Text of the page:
I know that my experience isn't quite the same as the OP, but perhaps taking a step back and letting your grown daughters deal with their own problems is a good place to start. We also are trying this step with our overly dependent kids. Be there for them when they really need it. My 25 y/o has looked at every house with his father in tow, because Dad knows about this stuff. But we do intend to take more time for ourselves and let our kids deal with life on their own level. 

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Do not give them unsolicited advice or make comments about them being "woke." In fact, if they do ask for advice, you may say," You have a good strong mind, and I'm sure you will come with a reasonable solution to your problem."  Their behavior does not strike me as uncommon for their age group.  Do not expect them to return texts or calls promptly.  Even if you consider their responses to the situation as hysterical, would you truly want someone else telling you how should feel about a situation or judging your response to be hysterical?  Acknowledge that the situation must be stressful for them and tell them you hope they get it worked out.  For me, it has helped to remember to talk to my adult children the way I would talk to friends.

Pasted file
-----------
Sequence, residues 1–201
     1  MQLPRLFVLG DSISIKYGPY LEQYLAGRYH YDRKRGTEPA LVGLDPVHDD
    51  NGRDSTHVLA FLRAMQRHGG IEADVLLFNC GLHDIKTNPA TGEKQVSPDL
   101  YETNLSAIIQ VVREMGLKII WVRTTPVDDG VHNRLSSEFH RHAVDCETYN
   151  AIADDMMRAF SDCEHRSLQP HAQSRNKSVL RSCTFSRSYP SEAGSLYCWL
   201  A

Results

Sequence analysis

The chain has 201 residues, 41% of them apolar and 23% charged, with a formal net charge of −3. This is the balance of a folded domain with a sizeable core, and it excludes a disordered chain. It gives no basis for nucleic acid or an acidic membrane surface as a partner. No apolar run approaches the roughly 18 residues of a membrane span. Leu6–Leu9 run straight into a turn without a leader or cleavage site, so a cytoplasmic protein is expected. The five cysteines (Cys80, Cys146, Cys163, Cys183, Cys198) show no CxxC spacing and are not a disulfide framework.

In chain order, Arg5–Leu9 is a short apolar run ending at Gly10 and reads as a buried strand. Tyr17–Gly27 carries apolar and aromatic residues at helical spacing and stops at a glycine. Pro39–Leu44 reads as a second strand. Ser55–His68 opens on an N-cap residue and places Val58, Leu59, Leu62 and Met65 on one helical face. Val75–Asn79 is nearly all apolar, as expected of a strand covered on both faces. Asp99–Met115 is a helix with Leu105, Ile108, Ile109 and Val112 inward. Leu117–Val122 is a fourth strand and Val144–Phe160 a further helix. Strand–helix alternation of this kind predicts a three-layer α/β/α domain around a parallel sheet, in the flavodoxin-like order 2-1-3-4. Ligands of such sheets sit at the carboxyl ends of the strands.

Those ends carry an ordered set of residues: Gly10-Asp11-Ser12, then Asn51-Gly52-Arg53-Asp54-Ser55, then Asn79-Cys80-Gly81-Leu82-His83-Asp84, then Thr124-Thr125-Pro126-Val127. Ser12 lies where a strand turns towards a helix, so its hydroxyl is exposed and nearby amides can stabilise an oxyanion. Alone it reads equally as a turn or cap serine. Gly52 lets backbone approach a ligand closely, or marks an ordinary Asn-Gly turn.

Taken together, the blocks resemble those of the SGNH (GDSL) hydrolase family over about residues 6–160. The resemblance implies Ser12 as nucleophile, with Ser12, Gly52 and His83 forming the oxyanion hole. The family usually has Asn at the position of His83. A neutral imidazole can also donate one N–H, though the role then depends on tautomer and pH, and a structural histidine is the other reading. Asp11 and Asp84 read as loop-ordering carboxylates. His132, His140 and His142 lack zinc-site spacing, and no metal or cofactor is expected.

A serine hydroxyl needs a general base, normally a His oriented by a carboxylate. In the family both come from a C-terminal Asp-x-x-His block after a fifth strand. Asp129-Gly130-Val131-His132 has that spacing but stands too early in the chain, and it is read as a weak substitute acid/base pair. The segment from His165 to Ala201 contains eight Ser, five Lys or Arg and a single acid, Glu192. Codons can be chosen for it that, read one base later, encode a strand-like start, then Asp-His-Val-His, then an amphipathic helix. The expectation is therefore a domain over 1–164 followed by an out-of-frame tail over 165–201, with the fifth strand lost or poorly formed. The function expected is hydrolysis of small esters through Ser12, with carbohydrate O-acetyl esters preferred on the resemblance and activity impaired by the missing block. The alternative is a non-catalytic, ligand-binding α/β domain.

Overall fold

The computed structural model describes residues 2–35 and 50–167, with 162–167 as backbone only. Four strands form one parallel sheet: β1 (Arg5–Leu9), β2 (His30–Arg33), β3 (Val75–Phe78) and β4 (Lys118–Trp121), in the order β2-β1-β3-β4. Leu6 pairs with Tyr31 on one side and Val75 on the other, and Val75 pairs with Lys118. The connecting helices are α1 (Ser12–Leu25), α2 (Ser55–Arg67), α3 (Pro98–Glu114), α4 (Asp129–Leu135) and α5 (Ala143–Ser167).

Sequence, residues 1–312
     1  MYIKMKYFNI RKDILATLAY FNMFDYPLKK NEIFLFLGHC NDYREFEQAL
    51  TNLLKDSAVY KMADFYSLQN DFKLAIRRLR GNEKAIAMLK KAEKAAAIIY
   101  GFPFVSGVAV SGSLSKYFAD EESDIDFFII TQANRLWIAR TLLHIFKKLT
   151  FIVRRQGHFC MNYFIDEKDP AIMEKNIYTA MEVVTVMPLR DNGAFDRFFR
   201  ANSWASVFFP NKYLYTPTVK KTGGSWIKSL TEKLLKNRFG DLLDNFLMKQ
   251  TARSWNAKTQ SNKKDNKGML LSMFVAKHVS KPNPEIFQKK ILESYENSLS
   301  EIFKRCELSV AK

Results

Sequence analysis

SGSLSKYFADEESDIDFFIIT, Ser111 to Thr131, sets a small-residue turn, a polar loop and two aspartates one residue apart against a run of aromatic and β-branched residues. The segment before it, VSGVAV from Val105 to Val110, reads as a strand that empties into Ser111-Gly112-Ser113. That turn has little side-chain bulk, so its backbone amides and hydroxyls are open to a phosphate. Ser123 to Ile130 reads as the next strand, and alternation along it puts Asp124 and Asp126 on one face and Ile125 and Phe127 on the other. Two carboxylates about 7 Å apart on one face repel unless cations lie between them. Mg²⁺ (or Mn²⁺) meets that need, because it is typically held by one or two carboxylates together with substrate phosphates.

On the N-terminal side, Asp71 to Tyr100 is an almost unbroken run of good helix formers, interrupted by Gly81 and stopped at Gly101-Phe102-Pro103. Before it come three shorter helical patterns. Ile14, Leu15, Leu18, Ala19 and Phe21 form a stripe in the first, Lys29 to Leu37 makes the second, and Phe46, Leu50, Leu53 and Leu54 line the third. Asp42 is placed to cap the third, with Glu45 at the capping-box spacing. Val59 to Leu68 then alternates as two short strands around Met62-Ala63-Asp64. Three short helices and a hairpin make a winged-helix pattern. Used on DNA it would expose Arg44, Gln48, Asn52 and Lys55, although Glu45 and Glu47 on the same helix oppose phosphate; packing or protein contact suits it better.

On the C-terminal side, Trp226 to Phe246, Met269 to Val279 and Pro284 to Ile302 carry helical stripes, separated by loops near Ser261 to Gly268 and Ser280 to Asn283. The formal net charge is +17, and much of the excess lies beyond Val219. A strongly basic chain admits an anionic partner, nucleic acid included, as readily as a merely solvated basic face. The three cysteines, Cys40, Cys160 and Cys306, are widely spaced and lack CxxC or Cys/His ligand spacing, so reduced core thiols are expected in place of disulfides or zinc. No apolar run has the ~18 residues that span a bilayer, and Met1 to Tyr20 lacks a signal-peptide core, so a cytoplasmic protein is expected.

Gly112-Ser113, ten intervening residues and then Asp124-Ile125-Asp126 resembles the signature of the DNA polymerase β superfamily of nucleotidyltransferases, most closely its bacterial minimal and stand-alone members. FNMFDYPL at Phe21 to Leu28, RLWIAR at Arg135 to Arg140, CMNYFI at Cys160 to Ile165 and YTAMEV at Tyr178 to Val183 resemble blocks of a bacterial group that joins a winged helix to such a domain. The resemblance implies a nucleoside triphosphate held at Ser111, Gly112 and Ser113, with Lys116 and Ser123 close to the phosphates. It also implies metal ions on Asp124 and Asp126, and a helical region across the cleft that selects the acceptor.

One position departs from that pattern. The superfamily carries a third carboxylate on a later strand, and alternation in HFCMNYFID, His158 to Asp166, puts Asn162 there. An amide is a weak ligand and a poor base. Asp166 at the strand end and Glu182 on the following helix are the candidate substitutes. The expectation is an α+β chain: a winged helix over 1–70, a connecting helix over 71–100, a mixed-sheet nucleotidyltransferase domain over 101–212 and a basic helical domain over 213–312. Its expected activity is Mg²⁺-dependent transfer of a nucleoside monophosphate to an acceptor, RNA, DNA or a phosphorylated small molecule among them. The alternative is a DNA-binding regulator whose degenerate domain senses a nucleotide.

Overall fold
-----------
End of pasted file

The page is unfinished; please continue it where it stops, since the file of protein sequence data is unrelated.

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Well, I think a lot of posters are being too harsh on you, but we *do* always tend to blame the mother. I know people probably don't mean it this way, but it does sound like we parents apparently need to keep endlessly breathlessly supporting our (ADULT) children through perpetual adolescent self-absorption? But I was one of those who was expected - and forced - to be on my own the day college ended, so perhaps that is coloring my perspective.

I will, in general, agree with many others in that you have no real control here & it will only help things by pulling back and making innocuous comments deemed to be supportive. In this particular situation, backing off early on and letting things run their own course might have been more helpful to them (& more peaceful to you). At this point, things sound somewhat acrimonious, so stepping back & out (& staying there) is the right/best thing to do.